If I were to be generous and kind to myself, I’d call myself a campfire guitarist. If I were to be honest, I’d say I have a sporadic ability to coerce 6 strings into a chord on an occasional basis and accompany them here and there with something that sounds like singing/ cat strangling/ dentistry without anaesthetic.
Anyhow, this past time has given me much pleasure over the years. As a self-taught guitarist I can, with judicious use of a capo and a fair bit of winging it, ease myself into pretty much most tunes and hold my own.
We regularly have large gatherings at our house, generally centered around a combination of food, music and games – I have a wonderfully creative group of friends and, more often than not, said gatherings will result in a number of instruments and voices gathered round the piano in our dining room as we communally slaughter an unrehearsed set of shared songs, all of which are bent out of shape and squeezed into easy chords and simple melodies. It’s good fun. Occasionally we’ve recorded ourselves, convinced in a wine-tinted rosy state of oblivion that we sound okay, only to then play back the hasty recording the next morning and weep, whilst we silently vow to never give up the day jobs.
Anyway, the guitar has always been my instrument of choice and the entry point into these melodic, free flowing conversations. Whilst my brother and I were brought up on saxophone (my parents were patient and must have also had highly disciplinary selective hearing) and despite the horn section being louder (my bruvver is now a very successful musician) the guitar appealed, not just because it was slightly cool, but also it was social and portable. During the semi-nomadic period one experiences after university, but before settling down a little, I was lucky to travel a lot – my guitar always came with me and I’ve made some great friends through sharing music – often actually round a campfire.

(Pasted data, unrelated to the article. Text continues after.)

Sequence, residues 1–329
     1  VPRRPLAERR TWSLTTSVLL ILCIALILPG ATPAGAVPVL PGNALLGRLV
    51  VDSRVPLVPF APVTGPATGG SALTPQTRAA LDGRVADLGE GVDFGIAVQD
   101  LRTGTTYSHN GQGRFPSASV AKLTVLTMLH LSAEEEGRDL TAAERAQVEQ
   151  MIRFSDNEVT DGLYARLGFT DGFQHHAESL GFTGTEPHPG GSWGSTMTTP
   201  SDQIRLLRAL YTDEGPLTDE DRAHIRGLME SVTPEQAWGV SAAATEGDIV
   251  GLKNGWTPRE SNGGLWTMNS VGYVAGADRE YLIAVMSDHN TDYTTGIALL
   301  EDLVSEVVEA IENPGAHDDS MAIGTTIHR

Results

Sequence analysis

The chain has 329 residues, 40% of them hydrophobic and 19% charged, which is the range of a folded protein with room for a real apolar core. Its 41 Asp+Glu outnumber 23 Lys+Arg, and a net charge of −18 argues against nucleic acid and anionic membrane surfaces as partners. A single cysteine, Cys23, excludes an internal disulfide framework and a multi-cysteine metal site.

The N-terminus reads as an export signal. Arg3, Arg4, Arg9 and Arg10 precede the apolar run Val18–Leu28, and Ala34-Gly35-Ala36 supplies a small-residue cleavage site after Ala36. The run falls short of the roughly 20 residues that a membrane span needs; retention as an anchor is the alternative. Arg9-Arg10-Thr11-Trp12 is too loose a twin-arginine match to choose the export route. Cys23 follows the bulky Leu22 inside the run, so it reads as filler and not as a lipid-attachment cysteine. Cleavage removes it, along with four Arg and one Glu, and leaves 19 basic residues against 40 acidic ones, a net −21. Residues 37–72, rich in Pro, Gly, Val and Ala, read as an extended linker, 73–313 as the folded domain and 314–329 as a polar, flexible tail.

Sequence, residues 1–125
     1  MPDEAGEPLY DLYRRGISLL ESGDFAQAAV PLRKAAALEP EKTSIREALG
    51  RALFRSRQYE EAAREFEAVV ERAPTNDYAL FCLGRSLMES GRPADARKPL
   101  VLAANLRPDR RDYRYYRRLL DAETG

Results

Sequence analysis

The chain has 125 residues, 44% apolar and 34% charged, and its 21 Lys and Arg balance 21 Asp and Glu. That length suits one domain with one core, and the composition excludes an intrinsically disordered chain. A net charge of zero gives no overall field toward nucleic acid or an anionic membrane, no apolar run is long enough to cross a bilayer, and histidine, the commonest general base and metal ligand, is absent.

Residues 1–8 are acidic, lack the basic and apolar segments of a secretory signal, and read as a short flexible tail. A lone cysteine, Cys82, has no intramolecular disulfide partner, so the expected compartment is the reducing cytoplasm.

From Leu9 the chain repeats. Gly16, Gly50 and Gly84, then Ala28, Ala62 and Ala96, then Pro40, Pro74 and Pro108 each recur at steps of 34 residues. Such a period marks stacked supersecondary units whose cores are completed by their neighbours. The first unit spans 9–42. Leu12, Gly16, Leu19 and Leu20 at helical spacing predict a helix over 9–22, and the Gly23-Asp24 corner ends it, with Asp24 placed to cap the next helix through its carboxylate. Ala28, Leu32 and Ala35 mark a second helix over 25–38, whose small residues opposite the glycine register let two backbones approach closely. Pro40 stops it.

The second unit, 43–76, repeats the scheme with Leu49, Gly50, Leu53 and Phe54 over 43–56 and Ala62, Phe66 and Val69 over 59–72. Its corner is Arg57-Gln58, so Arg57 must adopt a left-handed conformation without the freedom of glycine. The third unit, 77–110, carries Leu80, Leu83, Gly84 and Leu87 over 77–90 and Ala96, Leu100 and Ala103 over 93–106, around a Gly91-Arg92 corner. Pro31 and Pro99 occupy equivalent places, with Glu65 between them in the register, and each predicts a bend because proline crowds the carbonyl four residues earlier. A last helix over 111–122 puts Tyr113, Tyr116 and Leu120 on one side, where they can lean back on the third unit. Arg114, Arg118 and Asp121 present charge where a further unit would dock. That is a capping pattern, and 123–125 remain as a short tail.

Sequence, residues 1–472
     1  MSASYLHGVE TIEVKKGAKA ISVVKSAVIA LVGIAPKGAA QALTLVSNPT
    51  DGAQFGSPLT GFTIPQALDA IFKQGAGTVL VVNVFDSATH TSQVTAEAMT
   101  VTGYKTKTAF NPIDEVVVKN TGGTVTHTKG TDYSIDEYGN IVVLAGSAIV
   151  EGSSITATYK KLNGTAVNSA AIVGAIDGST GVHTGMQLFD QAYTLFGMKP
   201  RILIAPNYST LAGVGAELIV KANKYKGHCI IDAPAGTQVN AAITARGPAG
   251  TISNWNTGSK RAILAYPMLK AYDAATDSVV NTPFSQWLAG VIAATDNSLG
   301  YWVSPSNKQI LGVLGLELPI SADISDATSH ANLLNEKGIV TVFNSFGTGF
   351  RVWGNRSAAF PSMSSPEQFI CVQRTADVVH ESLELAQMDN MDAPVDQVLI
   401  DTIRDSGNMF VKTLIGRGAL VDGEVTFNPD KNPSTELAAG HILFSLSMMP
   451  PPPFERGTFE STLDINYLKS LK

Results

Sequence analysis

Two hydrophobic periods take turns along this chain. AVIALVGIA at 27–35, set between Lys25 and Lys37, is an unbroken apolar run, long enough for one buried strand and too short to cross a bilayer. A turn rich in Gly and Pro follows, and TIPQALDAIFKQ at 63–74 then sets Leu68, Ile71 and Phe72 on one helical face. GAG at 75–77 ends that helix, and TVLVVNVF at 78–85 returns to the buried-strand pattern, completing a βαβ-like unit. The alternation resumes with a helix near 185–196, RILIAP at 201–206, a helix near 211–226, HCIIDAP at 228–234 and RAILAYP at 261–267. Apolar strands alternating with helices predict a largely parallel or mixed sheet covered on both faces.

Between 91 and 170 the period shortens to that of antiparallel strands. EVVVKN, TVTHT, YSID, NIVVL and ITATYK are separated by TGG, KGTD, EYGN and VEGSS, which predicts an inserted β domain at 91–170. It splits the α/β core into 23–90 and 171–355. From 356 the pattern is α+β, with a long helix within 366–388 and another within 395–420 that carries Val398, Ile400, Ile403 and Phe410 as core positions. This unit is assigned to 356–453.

However, just this last week, I’ve downsized. The number of frets has lessened, as has the number of strings. I’ve discovered the joy of a concert ukulele. And I love it. What a beautifully cheeky little instrument it is. 4 strings instead of 6 and a whole new array of chord shapes to learn. At the outing, it seems to be easy to pick up. I bought my uke a week ago and it’s already given me a whole lot more pleasure than the price tag offered – It’s like a little musical adventure. The thing I enjoy so much is that somehow (and I’m really not exactly sure how) it seems easier to pick up and play – as if less ‘faff’ were involved. And the sound is wonderful – when the character of the instrument is placed against the songs I favour, it manages to be a voice of contrasts – light and deep, playful and resonant, quirky and quietly solemn.
More than anything in these first days of picking up a new instrument, I’ve been surprised at the transferability of personal knowledge. It’s a bit like Latin; the core knowledge allows one to fairly easily develop translational aptitude in a variety of derivative/ relational linguistic contexts– in the construction of chords on the fretboard of the uke, I find my fingers have a readiness to assume new positions without too much bother. This has already led to much fun – Just yesterday I was playing along with friends.
This experience has, in turn, got me thinking again about transferable knowledge. More and more, it seems that it’s the underlying principles and skills which are of most value to an individual’s adaptability and success – in this case me playing uke with friends as opposed to guitar. Of course, there is a knowledge base at play, but I do think that, increasingly success is less about the knowledge itself, and more about the extent to which one can identify and understand the underlying principles and then creatively re-apply them. It aint whatcha do, its the way thatcha do it, so to speak.
These thoughts become even more interesting when one considers such underlying principles in the gearing of the learning endeavour in order to deliver sustainable success for the learner. Even more interesting when considering this on an institutional scale.
See you next week.